Modernizing the Mother of All Media Regulations

Yesterday, the Federal Communications Commission (FCC) at long last announced its intention to reform its woefully outdated broadcast ownership rules. At its open meeting in November, the FCC plans to vote on an order eliminating the ban on owning a print newspaper and any radio or TV station in the same market; removing the restrictions … Continue reading Modernizing the Mother of All Media Regulations

Let’s Do the Time Warp Again – The FCC’s Ownership Rules Remain Stuck in 1975

During the past year, a number of industry trade associations have changed their long-standing names. First, the Consumer Electronics Association became the Consumer Technology Association (CTA), as the “hardware” term “electronics” no longer reflected the breadth of its membership. The National Cable & Telecommunications Association then dropped “cable” from its name, becoming “NCTA – The … Continue reading Let’s Do the Time Warp Again – The FCC’s Ownership Rules Remain Stuck in 1975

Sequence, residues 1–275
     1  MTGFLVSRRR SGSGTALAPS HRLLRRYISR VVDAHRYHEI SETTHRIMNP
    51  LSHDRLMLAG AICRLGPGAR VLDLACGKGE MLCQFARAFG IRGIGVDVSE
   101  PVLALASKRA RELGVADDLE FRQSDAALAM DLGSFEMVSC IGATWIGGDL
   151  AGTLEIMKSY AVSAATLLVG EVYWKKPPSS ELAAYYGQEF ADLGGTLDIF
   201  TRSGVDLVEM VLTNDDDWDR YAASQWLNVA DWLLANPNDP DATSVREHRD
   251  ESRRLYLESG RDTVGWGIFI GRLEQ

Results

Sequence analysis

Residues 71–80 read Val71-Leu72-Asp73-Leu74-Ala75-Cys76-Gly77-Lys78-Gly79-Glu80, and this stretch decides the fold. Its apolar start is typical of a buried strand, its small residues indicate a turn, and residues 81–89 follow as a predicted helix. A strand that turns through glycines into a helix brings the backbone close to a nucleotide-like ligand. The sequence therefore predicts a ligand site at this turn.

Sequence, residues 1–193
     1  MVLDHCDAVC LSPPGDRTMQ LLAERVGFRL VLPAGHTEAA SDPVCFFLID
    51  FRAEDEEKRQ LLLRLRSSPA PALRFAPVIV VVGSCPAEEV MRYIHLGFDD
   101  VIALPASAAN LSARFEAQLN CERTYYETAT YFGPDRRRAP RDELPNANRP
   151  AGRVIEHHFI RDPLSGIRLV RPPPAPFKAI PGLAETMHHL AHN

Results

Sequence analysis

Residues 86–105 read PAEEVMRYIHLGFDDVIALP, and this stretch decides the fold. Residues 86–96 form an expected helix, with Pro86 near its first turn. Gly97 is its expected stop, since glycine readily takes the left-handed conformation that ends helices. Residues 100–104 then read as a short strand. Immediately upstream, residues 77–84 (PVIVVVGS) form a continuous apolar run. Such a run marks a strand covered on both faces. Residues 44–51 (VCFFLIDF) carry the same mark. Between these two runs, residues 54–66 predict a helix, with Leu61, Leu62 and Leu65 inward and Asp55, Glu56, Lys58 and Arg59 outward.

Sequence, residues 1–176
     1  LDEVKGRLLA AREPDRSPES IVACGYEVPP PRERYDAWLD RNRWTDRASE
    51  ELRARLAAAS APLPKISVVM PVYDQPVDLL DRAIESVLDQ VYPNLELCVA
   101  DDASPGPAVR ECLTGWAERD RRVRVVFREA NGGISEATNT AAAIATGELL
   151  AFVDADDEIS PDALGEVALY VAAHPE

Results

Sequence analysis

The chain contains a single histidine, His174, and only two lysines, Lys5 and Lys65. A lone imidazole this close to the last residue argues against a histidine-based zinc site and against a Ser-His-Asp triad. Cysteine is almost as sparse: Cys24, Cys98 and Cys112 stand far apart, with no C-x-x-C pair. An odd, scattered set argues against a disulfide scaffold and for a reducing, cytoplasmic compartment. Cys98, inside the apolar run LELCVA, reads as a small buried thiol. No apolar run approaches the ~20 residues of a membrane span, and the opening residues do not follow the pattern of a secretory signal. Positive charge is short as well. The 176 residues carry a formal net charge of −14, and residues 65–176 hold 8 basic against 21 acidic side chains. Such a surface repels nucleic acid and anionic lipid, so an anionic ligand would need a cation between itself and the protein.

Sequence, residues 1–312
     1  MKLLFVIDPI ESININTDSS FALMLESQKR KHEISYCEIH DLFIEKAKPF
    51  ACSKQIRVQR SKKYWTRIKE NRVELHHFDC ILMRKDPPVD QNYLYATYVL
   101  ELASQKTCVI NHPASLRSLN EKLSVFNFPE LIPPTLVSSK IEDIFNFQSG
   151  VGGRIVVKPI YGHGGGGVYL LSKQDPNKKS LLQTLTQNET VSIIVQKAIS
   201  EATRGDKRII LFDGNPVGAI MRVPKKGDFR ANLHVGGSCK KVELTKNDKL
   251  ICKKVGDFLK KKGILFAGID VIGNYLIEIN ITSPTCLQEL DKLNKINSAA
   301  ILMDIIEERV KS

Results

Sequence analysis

The Mandatory “Upgrade” the FCC Forgot

In a blog last week claiming credit for “upgrading” the FCC’s “media rules” to reflect today’s marketplace, FCC Chairman Tom Wheeler neglected to even mention the mother of all media rules, the broadcast ownership restrictions. Unfortunately, this conspicuous omission should come as no surprise. Despite Congress expressly requiring the FCC to regularly update its ownership … Continue reading The Mandatory “Upgrade” the FCC Forgot

Double Standards, DISH and Designated Entities

The FCC should have been taking a victory lap following its $45 billion AWS-3 auction, which closed in late January. Instead, the agency was left fending off widespread criticism that “loopholes” in its auction rules effectively gave billions of dollars in subsidies to one of the largest corporations in the country. These criticisms arose from … Continue reading Double Standards, DISH and Designated Entities